For years, governments in the Gulf Cooperation Council (GCC) states had managed to maintain GDP growth and fend off social discontent by lavishly dispensing oil revenues into infrastructure projects, supporting loss-making government sector ventures and ‘creating’ jobs in the public sector for young unemployed nationals. But the slump in oil prices since mid-2014, which led to a huge fall in oil revenues and subsequent budget deficits and cuts to spending, have made governments realize that the 'business as usual' model will no longer work.
Most GCC states rely on oil as their main source of export and fiscal revenue. But with current low prices and the prospects of oil regaining its luster in the immediate future appearing increasingly bleak, governments in the six-nation bloc are looking at ways to diversify their economy and wean the local market from its near-total reliance on oil revenues. New economic diversification plans being implemented are intended to not only reduce these countries’ exposure to the volatility and uncertainty of global oil markets, but also to create a strong non-oil economy. Diversification plans aim to increase the role of private sector in the economy, improve productivity, create jobs and ensure growth that will sustain these states when oil revenue inevitably begins to dwindle in the future.
In line with their diversification plans, GCC states are introducing, or have put in place, a slew of economic, legal and financial reforms designed to strengthen the business environment, including liberalizing trade and foreign direct investment (FDI), developing infrastructure, stimulating the private sector, and privatizing, or partially-privatizing, many state-owned enterprises.
As part of this privatization drive, a string of state-asset sales are taking place across the region. Last year, Oman’s finance minister revealed, without giving any specific details, that the sultanate would privatize three state-owned companies in 2016. In April of this year, Saudi Arabia announced its 15-year development plan that includes privatization of Saudi state assets Among the state-assets up for sale are an initial public offering (IPO) for shares in oil giant Saudi Aramco and all 27 airports in the country. Meanwhile, Kuwait has been trying to sell-off its national carrier, Kuwait Airways, in an attempt to make the airline competitive and profitable. However, the 'on-again, off-again' privatization process has dampened enthusiasm among many potential buyers.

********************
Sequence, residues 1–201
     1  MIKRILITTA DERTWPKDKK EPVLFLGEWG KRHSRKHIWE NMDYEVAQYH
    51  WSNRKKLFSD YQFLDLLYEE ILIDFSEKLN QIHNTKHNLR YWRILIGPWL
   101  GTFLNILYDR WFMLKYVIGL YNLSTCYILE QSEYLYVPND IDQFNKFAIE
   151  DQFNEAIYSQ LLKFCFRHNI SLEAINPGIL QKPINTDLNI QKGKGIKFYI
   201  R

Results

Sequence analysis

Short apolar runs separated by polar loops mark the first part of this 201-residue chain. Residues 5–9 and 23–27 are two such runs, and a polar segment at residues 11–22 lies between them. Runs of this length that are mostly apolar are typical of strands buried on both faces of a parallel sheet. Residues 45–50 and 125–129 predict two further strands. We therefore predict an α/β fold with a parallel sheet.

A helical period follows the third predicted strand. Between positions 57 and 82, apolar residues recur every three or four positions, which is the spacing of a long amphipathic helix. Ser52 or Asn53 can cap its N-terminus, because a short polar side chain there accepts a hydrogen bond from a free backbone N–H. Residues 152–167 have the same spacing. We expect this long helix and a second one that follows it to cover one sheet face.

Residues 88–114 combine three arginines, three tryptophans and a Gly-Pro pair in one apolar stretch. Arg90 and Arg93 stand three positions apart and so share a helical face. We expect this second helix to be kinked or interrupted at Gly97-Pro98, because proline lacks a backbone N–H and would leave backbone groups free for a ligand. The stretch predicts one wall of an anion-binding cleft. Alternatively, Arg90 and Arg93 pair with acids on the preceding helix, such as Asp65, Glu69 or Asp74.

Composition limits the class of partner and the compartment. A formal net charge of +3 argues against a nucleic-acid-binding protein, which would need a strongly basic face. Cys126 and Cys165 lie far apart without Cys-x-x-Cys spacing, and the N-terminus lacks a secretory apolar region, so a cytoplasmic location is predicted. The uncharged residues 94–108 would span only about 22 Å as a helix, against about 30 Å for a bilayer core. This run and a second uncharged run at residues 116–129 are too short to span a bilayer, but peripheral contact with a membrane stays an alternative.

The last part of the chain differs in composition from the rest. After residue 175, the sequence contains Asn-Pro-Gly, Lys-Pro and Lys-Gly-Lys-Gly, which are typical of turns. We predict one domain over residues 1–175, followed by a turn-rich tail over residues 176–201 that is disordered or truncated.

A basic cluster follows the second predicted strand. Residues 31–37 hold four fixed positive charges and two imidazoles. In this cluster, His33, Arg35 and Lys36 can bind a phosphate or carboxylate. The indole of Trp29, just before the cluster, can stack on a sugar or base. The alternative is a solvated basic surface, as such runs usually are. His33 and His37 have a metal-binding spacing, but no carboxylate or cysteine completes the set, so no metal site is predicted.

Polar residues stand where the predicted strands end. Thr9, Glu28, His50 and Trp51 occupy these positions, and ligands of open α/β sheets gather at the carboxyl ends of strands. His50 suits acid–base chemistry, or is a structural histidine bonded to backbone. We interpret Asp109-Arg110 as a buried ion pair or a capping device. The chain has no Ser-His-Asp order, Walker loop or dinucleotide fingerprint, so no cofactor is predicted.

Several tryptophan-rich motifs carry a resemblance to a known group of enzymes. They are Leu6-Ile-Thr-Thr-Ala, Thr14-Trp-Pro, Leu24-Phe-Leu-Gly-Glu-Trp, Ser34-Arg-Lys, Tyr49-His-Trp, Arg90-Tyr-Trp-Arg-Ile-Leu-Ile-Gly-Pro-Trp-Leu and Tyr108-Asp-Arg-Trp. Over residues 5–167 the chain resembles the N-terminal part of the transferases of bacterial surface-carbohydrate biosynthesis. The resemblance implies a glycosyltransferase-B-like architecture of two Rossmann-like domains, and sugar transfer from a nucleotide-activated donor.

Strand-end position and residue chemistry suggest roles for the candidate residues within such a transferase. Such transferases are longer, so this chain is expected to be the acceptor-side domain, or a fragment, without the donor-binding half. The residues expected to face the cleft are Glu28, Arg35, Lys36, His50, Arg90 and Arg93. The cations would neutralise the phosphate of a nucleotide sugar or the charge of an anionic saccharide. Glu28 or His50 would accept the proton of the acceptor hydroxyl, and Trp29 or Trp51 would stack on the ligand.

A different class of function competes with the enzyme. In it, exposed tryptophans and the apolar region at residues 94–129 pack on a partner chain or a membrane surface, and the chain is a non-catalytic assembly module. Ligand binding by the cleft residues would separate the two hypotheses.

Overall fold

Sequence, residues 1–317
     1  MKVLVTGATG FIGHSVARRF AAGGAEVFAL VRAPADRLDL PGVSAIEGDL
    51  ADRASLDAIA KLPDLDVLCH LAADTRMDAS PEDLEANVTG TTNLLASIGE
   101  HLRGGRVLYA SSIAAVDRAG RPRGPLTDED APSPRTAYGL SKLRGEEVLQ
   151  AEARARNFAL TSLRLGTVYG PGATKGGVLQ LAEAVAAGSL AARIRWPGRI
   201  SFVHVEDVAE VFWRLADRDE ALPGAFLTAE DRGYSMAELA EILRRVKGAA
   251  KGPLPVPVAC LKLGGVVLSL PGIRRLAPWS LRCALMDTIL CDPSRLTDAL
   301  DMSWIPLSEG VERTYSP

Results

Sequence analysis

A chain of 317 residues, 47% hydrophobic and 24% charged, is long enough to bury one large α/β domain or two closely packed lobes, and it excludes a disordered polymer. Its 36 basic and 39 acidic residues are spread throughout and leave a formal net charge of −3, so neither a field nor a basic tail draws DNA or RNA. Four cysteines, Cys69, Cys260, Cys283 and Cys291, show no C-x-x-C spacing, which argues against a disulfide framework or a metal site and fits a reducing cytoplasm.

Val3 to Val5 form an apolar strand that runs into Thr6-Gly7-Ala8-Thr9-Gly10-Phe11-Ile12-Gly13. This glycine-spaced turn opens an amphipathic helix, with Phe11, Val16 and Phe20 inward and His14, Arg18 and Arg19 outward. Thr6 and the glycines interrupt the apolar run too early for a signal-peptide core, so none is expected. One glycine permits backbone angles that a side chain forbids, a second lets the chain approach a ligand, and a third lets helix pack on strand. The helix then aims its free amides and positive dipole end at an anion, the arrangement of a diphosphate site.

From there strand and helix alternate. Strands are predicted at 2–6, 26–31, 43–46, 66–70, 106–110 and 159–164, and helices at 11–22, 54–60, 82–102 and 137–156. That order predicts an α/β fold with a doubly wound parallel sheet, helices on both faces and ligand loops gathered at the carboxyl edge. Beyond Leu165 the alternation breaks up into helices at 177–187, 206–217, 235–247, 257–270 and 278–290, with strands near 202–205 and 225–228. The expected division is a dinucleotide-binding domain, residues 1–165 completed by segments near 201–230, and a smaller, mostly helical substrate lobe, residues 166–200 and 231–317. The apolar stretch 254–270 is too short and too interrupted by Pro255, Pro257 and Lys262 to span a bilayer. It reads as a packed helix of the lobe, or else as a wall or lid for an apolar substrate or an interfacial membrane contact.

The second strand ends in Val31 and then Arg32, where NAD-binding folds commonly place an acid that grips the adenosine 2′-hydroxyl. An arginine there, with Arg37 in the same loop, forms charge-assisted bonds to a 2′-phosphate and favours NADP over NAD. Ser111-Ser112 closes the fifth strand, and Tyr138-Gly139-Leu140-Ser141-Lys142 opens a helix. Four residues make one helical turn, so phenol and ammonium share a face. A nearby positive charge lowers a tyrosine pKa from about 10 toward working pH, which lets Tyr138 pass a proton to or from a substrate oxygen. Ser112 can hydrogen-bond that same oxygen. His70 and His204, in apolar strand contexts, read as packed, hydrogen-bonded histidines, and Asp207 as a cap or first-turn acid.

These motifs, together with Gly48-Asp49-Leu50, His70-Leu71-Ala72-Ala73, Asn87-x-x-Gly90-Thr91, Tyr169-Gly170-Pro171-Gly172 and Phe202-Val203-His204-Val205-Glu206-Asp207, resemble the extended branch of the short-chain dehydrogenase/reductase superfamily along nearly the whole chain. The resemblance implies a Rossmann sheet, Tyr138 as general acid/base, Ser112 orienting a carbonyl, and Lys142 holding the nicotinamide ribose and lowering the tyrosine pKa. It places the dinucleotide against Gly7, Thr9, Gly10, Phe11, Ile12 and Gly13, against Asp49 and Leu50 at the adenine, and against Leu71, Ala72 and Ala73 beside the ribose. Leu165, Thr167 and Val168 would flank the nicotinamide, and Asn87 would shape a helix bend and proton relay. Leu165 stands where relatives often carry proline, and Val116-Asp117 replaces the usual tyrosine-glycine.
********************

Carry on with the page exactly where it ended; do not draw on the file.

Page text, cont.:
But amid all this fervor for selling off state-assets, one should not forget that there are some inherent dangers in unbridled privatization. In many parts of the world, where privatization, or partial privatization, of multiple public sector ventures have taken place, rampant corruption has been discovered. Government employees with vested interests have been found to engage in corrupt practices that wreck the intended purpose of privatization. In exchange for bending or breaking rules, these employees were found to have gained lucrative personal favors, including financial or non-financial inducements, from potential private buyers.
Also, following privatization, businesses were seen to engage in anti-competitive behaviors such as price-fixing, predatory-pricing, bid-rigging or collusions that lead to monopolistic ventures. Though corruption was once regarded as an offense relevant predominantly to the government sector and anti-competitive behavior was limited to the private sphere, there is growing evidence now of an unholy nexus existing between these two economic crimes. Ensuring an open and competitive economy calls for greater vigilance and stronger anti-trust laws to regulate the behavior and organization of business entities and criminalize corruption and anti-competitive practices in the private and public sector.
Though most Gulf countries have some form of anti-trust and anti-bribery laws in place, they are largely outdated and lack an overarching framework needed to tackle some of the corruption and anti-competitive practices prevailing today. Experts warn that unless GCC states strengthen their anti-trust laws and make sure the privatization of their state assets takes place in a transparent manner, they risk increasing corruption in the very industries they hope to make more competitive.
Among other things, new and stronger anti-trust laws should stop businesses from tacit collusions that create monopolies and market allocations that stifle competition. They should, penalize improper book-keeping, which allows businesses to hide corrupt transactions, and establish public registries that reveal detailed and transparent information on corporate ownership. Any vibrant economy depends on transparency, fair competition and open markets; lack of these market characteristics leads to consumers, both people and businesses, ending up with higher prices, lower quality products and services, and restricted choices, as well as an increase in inefficiency and a decrease in productivity and innovation. While privatization is great news for the GCC economies, greater news would be the implementation of anti-trust laws that stop corruption and anti-competitive behavior that affects both people and businesses.